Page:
“It is the purpose of the present book to uncover some of the truths disguised for us under the figures of religion and mythology by bringing together a multitude of not-too-difficult examples and letting the ancient meaning become apparent of itself. The old teachers knew what they were saying. Once we have learned to read again their symbolic language, it requires no more than the talent of an anthologist to let their teachings be heard. But first we must learn the grammar of the symbols, and as a key to this mystery I know of no better tool than psychanalysis. Without regarding this as the last word on the subject, one can nevertheless permit it to serve as an approach. The second step will be then to bring together a host of myths and folktales from every corner of the world, and to let the symbols speak for themselves. The parallels will be immediately apparent; and these will develop a vast and amazingly constant statement of the basic truths by which man has lived throughout the millennia of his residence on this planet.
Perhaps it will be objected that in bringing out the correspondences I have overlooked the differences between the various Oriental and Occidental, modern, ancient, and primitive traditions. The same objection might be brought, however, against any textbook or chart of anatomy, where the physiological variations of race are disregarded in the interest of a basic general understanding of the human physique. There are of course differences between the numerous mythologies and religions of mankind, but this is a book about the similarities; and once these are understood the differences will be found to be much less great than is popularly (and politically) supposed. My hope is that a comparative elucidation may contribute to the perhaps not-quite-desperate cause of those forces that are working in the present world for unification, not in the name of some ecclesiastical or political empire, but in the sense of human mutual understanding. As we are told in the Vedas: ‘Truth is one, the sages speak of it by many names.’”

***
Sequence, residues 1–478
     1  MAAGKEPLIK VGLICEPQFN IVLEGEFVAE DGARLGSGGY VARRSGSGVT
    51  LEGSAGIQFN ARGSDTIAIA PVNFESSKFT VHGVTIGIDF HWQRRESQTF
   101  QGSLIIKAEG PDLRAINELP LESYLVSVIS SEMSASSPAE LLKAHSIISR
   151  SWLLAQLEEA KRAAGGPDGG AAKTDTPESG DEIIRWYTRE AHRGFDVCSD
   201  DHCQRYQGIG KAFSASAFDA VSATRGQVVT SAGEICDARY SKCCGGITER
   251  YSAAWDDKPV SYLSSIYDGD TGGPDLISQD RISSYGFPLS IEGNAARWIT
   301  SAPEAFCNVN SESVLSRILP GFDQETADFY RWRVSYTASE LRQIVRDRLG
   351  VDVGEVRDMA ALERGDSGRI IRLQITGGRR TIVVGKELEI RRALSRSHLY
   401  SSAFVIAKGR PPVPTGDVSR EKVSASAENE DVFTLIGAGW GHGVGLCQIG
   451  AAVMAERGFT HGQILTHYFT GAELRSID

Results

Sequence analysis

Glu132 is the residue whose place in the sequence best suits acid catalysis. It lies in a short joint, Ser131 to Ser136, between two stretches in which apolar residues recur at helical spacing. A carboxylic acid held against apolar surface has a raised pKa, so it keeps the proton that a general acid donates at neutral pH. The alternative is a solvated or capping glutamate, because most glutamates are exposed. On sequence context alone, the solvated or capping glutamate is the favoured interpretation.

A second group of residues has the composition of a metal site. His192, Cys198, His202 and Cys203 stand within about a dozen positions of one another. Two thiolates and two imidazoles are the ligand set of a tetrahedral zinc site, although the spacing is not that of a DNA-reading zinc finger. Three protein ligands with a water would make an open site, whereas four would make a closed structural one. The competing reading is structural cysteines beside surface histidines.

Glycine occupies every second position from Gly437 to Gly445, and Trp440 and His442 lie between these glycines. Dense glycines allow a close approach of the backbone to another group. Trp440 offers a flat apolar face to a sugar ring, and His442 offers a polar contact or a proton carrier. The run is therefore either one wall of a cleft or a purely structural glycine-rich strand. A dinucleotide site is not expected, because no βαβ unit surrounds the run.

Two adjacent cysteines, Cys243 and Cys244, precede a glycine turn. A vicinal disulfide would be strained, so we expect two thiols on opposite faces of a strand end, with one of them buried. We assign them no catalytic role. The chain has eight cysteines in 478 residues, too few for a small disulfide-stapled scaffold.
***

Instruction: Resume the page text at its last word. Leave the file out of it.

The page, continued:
~ Joseph Campbell from The Hero with a Thousand Faces
Joseph Campbell was an American author and teacher best known for his work in the field of comparative mythology. If you’ve ever heard of the “Hero’s Journey,” you have him and his lifelong commitment to studying mythology to thank.
We have Notes on three of Campbell’s books so far (Pathways to Bliss, The Power of Myth, and A Joseph Campbell Companion), but THIS book (written in 1949) is the one that captures the essence of his thoughts on the “monomyth” that shows up across all cultures. (Get a copy here.)
One universal hero. A thousand faces.
I’m excited to share some of my favorite Ideas we can apply to our lives TODAY so let’s jump straight in.
P.S. We also have the great work of the Joseph Campbell Foundation to thank for preserving and extending Campbell’s legacy. Check out the site for more.
And… If you haven’t watched the interview series Bill Moyers did with Campbell shortly before he passed away, I think you’ll LOVE it. What I love most about it is the effervescent enthusiasm and love of life you feel emanating from Campbell!
Finally, if you haven’t watched Finding Joe yet, I think you’ll dig it. It’s a modern take on the Hero’s Journey. I’m honored to be in it along with Laird Hamilton, Deepak Chopra, and others. I’m even more honored that my Notes on Campbell’s work served as a catalyst for the director, Pat Solomon, to create the film. (My soul smiles as I type that.)
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